Listen to sounds of Shenzhen, a journey of discovery

Writer: Cao Zhen   |  Editor: Zhang Chanwen  |  From: Shenzhen Daily  |  Updated: 2023-03-21

Video by Lin Jianping

Armed with headphones, a microphone, a windshield and a digital recording device, Marcel Zaes Sagesser captures sounds of Shenzhen: hoards of commuters in constant motion, impatient bike honks, yelling from street vendors’ loudspeakers, WeChat payment alerts, roaring buses, cars or trains, river flowing and bird chirping.

“The charm of sound in part is exactly because it’s invisible but it’s everywhere; it’s all around us,” said Sagesser, an assistant professor in the School of Design at Southern University of Science and Technology (SUSTech).

Marcel Zaes Sagesser collects sounds in a shopping area in Nanshan District in late February. Photos by Lin Jianping

The Swiss sound researcher and artist moved to Shenzhen last year from the United States where he finished his Ph.D. at Brown University. He now teaches sound design for undergraduate students majoring in industrial design.

He does field recording in nature and densely populated urban areas, then maps the sound recordings in computer software, and creates interactive sound maps of the city to understand how the sonic world in the city functions.

Sagesser said that noise in Shenzhen is loud in urban areas but natural and environmental sounds are also very dominant in the soundscape of the city. “What is so charming, maybe is special about Shenzhen in sound for me is that there are always urban sounds mixed with some natural sounds. Like this very moment we hear traffic, we hear water but we also hear a lot of birds, so it’s not that the city and nature are two distinct parts; they are always mixed and blended.”

Marcel Zaes Sagesser collects sounds at a wet market in Nanshan District.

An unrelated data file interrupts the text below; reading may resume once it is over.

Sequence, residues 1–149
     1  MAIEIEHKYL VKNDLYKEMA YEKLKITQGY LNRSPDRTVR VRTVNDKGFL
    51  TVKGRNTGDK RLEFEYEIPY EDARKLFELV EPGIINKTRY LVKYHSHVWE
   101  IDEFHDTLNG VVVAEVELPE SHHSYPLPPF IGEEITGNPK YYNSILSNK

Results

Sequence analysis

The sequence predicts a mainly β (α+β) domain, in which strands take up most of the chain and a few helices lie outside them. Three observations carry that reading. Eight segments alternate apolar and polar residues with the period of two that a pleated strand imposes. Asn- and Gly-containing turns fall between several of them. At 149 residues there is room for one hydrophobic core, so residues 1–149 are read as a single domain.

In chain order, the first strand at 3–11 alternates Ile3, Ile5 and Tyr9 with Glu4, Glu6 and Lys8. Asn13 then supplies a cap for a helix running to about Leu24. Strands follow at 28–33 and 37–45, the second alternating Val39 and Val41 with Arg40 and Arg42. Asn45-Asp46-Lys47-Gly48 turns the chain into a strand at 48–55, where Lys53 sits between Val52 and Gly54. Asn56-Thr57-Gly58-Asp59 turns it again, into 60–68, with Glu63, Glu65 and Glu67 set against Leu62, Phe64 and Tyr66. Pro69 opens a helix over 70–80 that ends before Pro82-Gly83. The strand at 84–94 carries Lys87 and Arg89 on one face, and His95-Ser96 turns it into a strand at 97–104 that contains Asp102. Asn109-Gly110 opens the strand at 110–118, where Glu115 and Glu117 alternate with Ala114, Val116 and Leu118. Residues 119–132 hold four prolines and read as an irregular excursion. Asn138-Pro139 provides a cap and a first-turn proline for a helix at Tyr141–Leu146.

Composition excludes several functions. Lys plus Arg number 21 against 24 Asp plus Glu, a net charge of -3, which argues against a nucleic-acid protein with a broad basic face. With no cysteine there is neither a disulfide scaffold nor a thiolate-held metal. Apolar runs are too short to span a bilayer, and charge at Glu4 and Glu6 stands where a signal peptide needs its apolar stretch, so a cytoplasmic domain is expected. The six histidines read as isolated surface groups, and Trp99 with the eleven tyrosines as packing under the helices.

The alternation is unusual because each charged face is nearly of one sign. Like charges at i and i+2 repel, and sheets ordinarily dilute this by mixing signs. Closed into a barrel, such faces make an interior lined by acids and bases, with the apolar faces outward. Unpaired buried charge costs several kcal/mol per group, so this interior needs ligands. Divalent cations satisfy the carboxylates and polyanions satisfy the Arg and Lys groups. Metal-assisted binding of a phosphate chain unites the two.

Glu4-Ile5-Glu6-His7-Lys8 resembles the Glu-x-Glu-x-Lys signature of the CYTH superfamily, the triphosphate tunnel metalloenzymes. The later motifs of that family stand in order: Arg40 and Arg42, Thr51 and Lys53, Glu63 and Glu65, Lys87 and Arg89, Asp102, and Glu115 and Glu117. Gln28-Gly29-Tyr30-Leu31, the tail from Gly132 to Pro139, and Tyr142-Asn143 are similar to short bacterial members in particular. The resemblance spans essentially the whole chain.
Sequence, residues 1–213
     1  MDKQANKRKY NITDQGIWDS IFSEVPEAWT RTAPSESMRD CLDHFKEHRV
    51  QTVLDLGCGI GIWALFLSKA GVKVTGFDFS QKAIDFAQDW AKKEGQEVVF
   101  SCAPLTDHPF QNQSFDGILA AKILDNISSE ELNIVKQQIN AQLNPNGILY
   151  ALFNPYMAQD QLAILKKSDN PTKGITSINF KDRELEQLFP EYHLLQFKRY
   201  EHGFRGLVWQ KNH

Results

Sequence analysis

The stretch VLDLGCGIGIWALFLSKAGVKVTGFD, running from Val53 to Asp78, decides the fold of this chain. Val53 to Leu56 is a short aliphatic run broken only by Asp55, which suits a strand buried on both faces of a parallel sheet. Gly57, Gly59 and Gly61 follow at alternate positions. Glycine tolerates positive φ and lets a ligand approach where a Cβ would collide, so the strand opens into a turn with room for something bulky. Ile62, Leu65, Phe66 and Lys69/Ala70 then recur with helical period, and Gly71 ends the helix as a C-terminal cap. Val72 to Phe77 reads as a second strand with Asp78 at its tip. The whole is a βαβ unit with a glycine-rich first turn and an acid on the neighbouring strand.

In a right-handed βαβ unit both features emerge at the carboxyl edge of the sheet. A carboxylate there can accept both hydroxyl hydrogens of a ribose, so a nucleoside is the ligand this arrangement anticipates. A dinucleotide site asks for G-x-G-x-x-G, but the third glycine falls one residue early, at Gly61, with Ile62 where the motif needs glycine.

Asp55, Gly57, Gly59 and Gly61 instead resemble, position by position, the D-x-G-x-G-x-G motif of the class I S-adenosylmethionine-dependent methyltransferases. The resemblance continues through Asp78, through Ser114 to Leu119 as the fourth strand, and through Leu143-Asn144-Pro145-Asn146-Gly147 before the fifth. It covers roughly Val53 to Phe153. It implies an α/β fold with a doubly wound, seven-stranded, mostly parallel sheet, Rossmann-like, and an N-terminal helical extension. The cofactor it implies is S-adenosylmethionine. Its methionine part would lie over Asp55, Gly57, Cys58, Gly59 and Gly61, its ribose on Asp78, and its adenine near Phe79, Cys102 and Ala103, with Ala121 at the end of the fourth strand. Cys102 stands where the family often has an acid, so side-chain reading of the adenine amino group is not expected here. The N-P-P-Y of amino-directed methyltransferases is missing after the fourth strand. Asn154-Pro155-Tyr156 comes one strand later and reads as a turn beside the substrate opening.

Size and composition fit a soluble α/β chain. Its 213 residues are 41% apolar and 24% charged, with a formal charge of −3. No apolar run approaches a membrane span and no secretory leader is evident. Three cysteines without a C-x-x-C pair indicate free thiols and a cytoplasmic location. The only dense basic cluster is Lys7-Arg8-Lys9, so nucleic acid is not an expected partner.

In Shenzhen, Sagesser collects sounds mostly in Metro stations, train stations, streets, sidewalks, shopping malls, supermarkets, wet markets and random places where there are a lot of people. He walks in the city with a microphone as a way to understand the city through sounds.

This kind of working method, termed “sound walking,” focusing on listening to the environment while walking, was used in his and Xu Binghuang’s “Unwalking” project. The project was designed for the Pingshan subvenue exhibition of the ninth Bi-City Biennale of Urbanism\Architecture (UABB) last year.

Xu Binghuang (front), a research assistant in Marcel Zaes Sagesser’s team at SUSTech’s School of Design, does field recording with Sagesser at the campus.

They had six student groups working on this project, with each group creating one sound work. Using ethnographic methods, they interviewed locals and tourists and did field recordings at the centuries-old Hakka compound, the Dawan Ancestral Residence.

“Sound was much more blurred at the compound because inside it you heard the traffic from outside and when you were outside you still heard the birds’ sounds from inside,” said Sagesser, adding that they also recorded in urban villages, at some workshops and by the Pingshan River.

The final sound works are associated with both the past, like the traditional craft sounds, and the future, with some sounds created by students using synthesizers in the studio, bringing hidden histories and stories to life and helping listeners to see this old site in a new light.

Marcel Zaes Sagesser does field recording in nature.

Sagesser explained that “Unwalking” means “undo” and “walking.” “We undo or go back in the history of the place where we are walking to uncover things or sounds which normally remain invisible or inaudible.” At the opening of the exhibition Dec. 3, 2022, visitors rambled in the Dawan Ancestral Residence while listening to a piece from the project played on mobile devices.